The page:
I’ll finish up the current scene by this weekend.  I have something I need to work on tonight, so even if I do get to the novel, I won’t write much.  Maybe I will put in a few hundred words to get it where it’s suppose to be, but if not, there it always Thursday and Friday evenings.  Then just one more chapter and a bit of fanfare, for Act One will be in the books, so to speak.  When?  Maybe another ten days, maybe less, maybe more.  But this project should come to an end within the next two weeks.

I keep saying that, but this project won’t end for a long time.  I know this, and I keep telling myself this, but a part of me cringes whenever I figure out just how much I have left to write.  By the end of May I’ll have spent almost a year prepping and writing, and if I’m lucky I’ll be about half way into Act Two by then.

Oi.  Why do I do these things to myself?

Views from the Madness

The wind chill is seven below so I will bundle up for the walk to work.  There’s nothing like a walk in numbing cold to sorta wake you up and get you to where you want to spend the rest of the day under the covers.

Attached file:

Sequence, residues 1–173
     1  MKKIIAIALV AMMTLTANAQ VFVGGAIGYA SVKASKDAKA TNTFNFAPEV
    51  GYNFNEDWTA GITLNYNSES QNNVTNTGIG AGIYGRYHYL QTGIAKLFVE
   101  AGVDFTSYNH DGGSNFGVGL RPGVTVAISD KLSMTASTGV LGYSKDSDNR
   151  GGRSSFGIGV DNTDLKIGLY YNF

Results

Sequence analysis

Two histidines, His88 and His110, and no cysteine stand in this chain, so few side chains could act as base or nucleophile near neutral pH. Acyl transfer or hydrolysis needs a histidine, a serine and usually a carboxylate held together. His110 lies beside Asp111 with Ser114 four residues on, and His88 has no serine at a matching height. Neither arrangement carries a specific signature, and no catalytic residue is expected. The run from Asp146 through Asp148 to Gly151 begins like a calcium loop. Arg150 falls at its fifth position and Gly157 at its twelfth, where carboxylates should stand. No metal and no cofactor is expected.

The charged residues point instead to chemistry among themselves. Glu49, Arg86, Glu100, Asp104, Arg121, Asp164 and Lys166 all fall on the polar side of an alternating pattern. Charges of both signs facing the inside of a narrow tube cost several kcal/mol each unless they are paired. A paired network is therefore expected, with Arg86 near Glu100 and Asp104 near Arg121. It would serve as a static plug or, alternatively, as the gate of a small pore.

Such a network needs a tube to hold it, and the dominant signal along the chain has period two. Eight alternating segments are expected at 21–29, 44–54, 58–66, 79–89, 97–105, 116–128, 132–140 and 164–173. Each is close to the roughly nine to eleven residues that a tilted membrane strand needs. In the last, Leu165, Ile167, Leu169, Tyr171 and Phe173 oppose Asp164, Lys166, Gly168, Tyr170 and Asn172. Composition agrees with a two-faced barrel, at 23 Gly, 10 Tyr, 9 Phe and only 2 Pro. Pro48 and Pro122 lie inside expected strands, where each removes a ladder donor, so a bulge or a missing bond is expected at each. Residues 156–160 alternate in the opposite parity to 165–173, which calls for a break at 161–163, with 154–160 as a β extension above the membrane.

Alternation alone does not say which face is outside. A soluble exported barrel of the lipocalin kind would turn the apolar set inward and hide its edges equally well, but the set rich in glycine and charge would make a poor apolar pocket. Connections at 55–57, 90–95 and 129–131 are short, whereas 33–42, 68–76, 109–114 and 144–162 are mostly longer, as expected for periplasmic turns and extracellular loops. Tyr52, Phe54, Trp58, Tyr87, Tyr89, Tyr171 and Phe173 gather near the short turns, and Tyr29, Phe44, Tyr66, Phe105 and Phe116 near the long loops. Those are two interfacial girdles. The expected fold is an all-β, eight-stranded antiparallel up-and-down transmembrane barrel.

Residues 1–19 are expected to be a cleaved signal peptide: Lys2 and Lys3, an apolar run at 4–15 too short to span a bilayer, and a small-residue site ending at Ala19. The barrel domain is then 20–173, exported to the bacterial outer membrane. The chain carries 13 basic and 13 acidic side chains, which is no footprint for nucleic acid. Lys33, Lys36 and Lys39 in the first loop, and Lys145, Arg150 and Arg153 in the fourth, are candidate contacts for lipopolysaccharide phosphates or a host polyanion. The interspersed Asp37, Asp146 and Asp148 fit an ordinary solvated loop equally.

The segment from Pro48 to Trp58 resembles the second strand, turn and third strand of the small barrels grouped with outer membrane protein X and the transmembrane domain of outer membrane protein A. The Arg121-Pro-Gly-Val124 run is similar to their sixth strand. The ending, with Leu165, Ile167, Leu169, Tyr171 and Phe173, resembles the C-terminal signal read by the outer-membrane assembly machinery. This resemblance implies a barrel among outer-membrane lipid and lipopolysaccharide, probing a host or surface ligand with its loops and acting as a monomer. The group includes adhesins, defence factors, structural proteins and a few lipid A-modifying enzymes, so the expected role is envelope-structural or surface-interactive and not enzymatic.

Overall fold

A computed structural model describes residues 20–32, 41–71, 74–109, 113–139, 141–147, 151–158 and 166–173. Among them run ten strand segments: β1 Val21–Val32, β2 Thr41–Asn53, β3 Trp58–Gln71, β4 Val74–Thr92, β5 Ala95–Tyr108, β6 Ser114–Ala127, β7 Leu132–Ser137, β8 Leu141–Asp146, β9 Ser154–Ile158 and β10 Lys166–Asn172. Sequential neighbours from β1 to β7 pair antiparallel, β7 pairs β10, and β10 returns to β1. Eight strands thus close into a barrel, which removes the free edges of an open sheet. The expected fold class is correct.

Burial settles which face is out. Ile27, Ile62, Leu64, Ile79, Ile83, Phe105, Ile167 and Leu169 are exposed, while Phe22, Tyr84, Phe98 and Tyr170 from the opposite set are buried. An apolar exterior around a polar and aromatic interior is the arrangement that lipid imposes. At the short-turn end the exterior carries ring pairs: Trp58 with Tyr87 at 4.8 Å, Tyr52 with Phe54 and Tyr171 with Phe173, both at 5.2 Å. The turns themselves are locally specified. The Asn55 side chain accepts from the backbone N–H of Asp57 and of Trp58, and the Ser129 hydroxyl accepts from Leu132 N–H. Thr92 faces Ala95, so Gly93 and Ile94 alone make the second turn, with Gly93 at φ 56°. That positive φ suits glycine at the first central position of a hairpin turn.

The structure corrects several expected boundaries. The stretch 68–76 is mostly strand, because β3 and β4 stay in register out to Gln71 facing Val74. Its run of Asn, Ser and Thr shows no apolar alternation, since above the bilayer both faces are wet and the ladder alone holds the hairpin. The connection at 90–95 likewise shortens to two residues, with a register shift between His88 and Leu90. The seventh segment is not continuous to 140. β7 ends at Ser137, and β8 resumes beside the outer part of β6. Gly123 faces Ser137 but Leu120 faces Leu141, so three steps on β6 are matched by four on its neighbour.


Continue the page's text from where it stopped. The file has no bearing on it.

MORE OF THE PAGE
Just like my kids at school.

The pajama party is starting and my kids are in the hall.  Everything is light and entertaining.  It’s probably better to show than to tell:

(Excerpt from The Foundation Chronicles, Book One: A For Advanced, copyright 2013, 2014, by Cassidy Frazee)

The dining tables and chair were gone, replaced by large, comfortable reading chairs, love seats, sofas, and even—yes, there were even a few huge beds capable of holding a half dozen students easily, as a couple already were. Scattered around the hall were a few large carpets covered in throw pillows that reminded Kerry of the classroom in Memory’s End where they met with Professor Arrakis. The light was down in the hall, but there were small, brighter spots here and there—floor lamps that were set alongside a few of the large chairs and love seats.

As they entered the hall Kerry took in the relaxed but excited environment.  With each chair, sofa, or bed there was at least one table where one could set snacks, drinks, and various forms of entertainment.  Three girls to his right, sitting on a sofa and an easy chair, were playing cards on a coffee table made of a dark wood.  Another boy was sitting in one of the large chairs reading, a drink sitting upon the end table to his right.  The bed with the six girls had high, narrow tables at what he guessed was the head and the foot of the bed, and while they talked they were also munching on snacks kept in bowls on both tables.